Depending on how one counts, Spanish has a great deal more than three forms for commands.
There are only three true imperative forms of each verb (I'll use the verbs hablar, comer, and vivir for my examples throughout this answer):
- tú: habla, come, vive
(tú form less the -s; several irregulars: di, haz, pon, sal, sé, ten, ve, ven; estar always reflexive: estate)
- vos: hablá, comé, viví
(vos form less the -s; one irregular: ir is andá)
- vosotros: hablad, comed, vivid
(infinitive, less the -r, plus -d if non-reflexive; one irregular: irse is idos)
In older or very formal Spanish, the vos commands will be identical to the vosotros commands (they were derived from that form) and may retain the -d- in reflexive commands.
Before I get started on the rest, I'd just like to say don't oversimplify English commands. They are actually a good bit more complicated than just adding "use the bare infinitive for affirmative, add don't to create a negative." Many can take the word not after them to create the negative sans do ("fear not"); the first-person plural commands are formed with let's which creates an embedded clause ("let's play"); and when using don't or do not (for emphasis), you are actually switching to the emphatic mood which is also often used in affirmative commands ("do mind your manners"). And we don't even really have a way to give commands to people we aren't talking directly to, except by using a variety of structures using the modal verbs let ("let there be light") or may ("may they live happily ever after") which could be seen as either an impersonal command (let) or a fossilized subjunctive (may). In any case, English commands are actually really quite complex when you think about it.
Back to Spanish. Spanish could easily do third-person commands by using the subjunctive (nowadays, it's most common though not required to preface these with que; when used sans que it's called the exhortative subjunctive). Usted back in the day wasn't a true pronoun, just a third-person honorific, so it was treated as any other third-person word.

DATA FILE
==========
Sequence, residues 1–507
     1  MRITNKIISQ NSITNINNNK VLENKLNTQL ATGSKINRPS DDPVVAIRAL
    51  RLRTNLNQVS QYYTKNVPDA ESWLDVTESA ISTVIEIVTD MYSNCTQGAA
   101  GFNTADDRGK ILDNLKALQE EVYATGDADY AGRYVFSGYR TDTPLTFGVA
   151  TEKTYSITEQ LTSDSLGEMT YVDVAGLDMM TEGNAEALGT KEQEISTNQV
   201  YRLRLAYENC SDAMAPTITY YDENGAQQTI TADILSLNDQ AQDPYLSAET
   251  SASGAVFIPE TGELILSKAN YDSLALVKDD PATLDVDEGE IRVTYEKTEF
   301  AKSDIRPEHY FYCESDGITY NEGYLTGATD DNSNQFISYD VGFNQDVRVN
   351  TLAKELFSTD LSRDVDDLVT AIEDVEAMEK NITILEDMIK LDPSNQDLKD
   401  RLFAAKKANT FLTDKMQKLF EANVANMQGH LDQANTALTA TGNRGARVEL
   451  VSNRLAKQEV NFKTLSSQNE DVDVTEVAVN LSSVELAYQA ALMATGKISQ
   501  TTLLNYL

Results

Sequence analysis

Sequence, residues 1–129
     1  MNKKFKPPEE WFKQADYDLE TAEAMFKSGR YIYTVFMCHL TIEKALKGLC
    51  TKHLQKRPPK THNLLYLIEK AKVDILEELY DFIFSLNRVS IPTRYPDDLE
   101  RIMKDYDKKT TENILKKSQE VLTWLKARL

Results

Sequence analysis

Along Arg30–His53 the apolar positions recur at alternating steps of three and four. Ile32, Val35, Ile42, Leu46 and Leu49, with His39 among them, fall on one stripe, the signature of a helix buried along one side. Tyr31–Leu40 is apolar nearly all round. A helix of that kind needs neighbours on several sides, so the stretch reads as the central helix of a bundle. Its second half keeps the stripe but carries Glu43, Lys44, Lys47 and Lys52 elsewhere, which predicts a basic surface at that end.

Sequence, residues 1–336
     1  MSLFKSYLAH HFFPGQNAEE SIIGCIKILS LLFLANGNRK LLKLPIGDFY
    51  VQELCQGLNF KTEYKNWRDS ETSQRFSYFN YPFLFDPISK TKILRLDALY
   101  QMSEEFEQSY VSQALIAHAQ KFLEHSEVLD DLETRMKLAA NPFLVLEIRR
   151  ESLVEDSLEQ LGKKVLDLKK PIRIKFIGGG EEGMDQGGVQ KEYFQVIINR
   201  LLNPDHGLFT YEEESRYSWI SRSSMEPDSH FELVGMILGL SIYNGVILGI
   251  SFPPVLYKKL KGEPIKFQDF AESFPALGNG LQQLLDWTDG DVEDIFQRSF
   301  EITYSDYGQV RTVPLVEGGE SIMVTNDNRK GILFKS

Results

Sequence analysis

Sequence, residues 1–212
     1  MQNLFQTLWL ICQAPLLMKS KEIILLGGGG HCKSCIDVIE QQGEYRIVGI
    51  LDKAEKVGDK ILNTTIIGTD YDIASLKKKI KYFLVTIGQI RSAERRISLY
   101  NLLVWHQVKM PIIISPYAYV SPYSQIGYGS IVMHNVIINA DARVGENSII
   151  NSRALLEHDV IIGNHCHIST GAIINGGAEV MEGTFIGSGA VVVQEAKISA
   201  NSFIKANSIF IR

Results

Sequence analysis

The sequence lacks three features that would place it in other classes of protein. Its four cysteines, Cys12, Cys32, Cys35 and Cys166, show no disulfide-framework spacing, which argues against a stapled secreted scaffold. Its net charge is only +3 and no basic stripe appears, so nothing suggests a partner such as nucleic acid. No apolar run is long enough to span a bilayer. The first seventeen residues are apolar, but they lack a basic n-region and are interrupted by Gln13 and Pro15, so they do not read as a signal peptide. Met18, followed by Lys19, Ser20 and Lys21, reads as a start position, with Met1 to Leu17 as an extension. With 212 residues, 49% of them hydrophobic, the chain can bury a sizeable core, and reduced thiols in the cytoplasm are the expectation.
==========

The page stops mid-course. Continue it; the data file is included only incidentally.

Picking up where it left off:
For negative forms, Latin — out of which Spanish developed — didn't have a negative imperative: like English, it used a separate verb's command to form negative commands (noli(te) — from nolo — meaning "want not"). Spanish innovated a different form, using the subjunctive (perhaps derived from (no quiero que) [verb] or similar phrases). This ended up being applied to all commands, first, second, or third person.
subject affirmative negative (prefix all with "no")
tú | habla come vive | *hables *comas *vivas
vos | hablá comé viví | †*hablés †*comás †*vivás
usted | *hable *coma *viva | *hable *coma *viva
nosotros | *hablemos *comamos *vivamos | *hablemos *comamos *vivamos
vosotros | hablad comed vivid | *habléis *comáis *viváis
ustedes | *hablen *coman *vivan | *hablen *coman *vivan
* derived from subjunctive
† in Chile: *habléis, *comáis, *viváis with an optionally elided -s.
As to why the subjunctive form appears to be switched or is based off of the yo form verb, the reason is simply because that's how it was in Latin. As to why Latin did it, generally when asking why in linguistics the answer is simply "because that's what people said".